Takacs Quartet’s Bartok Cycle reviewed in the Sydney Morning Herald
AFTER an intense performance of the first quartet by the Hungarian composer Bela Bartok, Edward Dusinberre, first violin of the distinguished Takacs Quartet, addresses the audience: ”Thank you for choosing Bartok over the royal wedding.”
He got a laugh, but one suspects that for the packed audience in the Verbrugghen Hall it was no contest. After all, the Takacs Quartet is chamber music royalty, and hearing all of Bartok’s six string quartets is a nigh-on once-in-a-lifetime opportunity.
The Takacs Quartet wears the music of Bartok like an old but beautifully tailored coat. The quartet’s playing is rarely flashy, sometimes frayed, but with an all-pervasive sense of character. It just fits.
Bartok’s first string quartet (Sz. 40) is full of wisps of almost Schubertian romance, determined stillness and skittish counterpoint. The quartet delivered a fluid, idiomatic interpretation: sombre but not morose, playful but not flippant. It set the tone for the cycle: a deeply considered, unapologetically serious engagement with this remarkable body of work.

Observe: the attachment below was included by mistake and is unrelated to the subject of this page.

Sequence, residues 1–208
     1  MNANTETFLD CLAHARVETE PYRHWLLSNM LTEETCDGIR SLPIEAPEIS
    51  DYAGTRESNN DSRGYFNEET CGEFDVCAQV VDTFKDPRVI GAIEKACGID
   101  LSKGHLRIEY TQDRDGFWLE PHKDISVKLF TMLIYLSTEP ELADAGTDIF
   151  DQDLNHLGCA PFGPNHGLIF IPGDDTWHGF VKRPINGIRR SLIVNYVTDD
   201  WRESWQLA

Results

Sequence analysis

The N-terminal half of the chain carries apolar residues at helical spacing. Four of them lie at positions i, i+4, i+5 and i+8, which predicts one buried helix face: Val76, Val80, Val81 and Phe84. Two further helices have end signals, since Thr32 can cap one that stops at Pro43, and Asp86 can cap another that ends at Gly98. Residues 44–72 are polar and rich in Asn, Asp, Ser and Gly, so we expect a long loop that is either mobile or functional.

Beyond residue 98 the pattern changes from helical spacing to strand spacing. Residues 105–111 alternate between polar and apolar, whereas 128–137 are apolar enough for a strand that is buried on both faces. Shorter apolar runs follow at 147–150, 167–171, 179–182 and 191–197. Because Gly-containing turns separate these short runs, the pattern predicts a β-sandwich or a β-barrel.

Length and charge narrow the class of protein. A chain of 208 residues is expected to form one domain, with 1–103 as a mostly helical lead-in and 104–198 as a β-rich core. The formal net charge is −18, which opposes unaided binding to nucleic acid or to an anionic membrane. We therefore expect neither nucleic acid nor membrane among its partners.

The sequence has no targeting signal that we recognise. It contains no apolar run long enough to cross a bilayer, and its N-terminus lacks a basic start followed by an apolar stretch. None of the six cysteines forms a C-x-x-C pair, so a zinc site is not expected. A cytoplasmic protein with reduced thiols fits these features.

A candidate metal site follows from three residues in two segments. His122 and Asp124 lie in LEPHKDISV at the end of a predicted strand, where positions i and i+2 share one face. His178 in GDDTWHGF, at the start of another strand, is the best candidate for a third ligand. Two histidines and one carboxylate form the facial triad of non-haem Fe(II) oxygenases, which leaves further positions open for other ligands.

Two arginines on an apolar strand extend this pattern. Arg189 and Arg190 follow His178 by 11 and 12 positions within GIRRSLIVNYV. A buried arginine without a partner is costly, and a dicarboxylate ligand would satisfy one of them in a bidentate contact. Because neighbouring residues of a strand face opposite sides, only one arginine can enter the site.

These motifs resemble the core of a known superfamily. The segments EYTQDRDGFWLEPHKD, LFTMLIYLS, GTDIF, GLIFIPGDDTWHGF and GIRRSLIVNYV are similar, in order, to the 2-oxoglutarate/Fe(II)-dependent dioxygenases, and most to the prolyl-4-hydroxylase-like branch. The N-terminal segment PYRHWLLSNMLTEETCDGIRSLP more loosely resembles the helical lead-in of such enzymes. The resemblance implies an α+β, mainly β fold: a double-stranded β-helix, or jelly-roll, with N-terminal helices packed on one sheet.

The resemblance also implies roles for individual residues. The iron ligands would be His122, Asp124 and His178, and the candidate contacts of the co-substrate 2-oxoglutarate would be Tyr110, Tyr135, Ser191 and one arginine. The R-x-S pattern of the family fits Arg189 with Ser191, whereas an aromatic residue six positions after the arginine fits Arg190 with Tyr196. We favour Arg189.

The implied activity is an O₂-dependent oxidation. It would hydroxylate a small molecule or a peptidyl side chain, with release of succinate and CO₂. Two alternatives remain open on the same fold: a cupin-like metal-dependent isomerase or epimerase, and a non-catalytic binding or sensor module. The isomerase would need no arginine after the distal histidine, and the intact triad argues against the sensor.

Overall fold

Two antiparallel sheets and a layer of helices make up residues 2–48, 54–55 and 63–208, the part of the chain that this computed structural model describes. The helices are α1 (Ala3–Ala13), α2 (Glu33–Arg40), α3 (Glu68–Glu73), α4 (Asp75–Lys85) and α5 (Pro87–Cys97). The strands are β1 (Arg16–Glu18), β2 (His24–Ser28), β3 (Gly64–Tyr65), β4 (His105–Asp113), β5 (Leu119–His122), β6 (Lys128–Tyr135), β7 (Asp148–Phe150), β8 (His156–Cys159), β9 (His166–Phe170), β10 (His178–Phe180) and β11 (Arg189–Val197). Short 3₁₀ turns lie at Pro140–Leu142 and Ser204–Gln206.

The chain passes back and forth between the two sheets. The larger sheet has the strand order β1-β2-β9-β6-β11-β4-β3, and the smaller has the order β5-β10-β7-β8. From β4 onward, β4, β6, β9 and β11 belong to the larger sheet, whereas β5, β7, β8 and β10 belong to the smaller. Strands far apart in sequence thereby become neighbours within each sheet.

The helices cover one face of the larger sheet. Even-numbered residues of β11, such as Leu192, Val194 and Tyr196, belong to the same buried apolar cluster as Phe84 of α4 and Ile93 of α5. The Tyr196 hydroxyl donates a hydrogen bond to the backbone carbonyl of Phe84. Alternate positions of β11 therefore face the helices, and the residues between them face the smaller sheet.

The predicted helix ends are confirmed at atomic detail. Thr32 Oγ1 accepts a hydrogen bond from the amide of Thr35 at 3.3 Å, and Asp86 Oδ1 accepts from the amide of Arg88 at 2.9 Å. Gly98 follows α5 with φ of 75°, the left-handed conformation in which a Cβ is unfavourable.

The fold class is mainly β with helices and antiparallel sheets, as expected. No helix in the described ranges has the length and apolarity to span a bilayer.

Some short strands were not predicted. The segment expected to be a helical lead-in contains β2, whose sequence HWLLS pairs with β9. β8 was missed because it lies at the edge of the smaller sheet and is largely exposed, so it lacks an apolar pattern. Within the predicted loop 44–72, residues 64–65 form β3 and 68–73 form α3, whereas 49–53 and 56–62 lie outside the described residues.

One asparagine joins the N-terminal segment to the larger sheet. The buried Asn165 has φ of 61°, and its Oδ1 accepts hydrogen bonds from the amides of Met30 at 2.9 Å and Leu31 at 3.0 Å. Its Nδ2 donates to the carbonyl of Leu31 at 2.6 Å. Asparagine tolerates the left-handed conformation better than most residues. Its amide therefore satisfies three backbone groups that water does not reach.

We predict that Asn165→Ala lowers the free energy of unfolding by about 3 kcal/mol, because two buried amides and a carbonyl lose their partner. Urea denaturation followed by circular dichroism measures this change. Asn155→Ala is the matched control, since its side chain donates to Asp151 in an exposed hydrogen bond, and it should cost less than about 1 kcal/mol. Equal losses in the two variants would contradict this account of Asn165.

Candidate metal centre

In String Quartet No. 3 (Sz. 85) Bartok pushes towards the extremes of string sound. The Takacs flipped between harsh double stops and gentle strums with efficient ease, allowing the dense argument to play out with breathless intensity.
The String Quartet No. 5 (Sz. 102) was a spectacular conclusion to the first concert, with the performers mapping out the grand architecture of this work with satisfying clarity.
The second concert comprised String Quartets numbers 2, 4 and 6. String Quartet No. 4 (Sz. 91) was another Takacs tour de force of extended techniques and nimble mood swings. It lurched thrillingly from tough, rhythmic blocks of sound to ethereal scurryings to the central calm of Bartok’s so-called night music.
The Sixth Quartet (Sz. 114) gave insights not only into the inner world of Bartok but also into the individual characters of the Takacs Quartet, opening with a melody of majestic sadness from the cellist Andras Fejer, to be shared around the quartet by its moving close. The second violin Karoly Schranz obviously relished his quartertone duet with Dusinberre, and the violist Geraldine Walther was an eloquent and truly equal partner.
The Bartok cycle was part of a weekend of concerts presented by Musica Viva, which has proved its thesis that a serious music festival does not need a charming rural location to lure a crowd. Its canny collaboration with the ABC, the Conservatorium of Music and the Australian Youth Orchestra was a perfect meeting of minds and talents. I look forward to more of the delights of its city festival.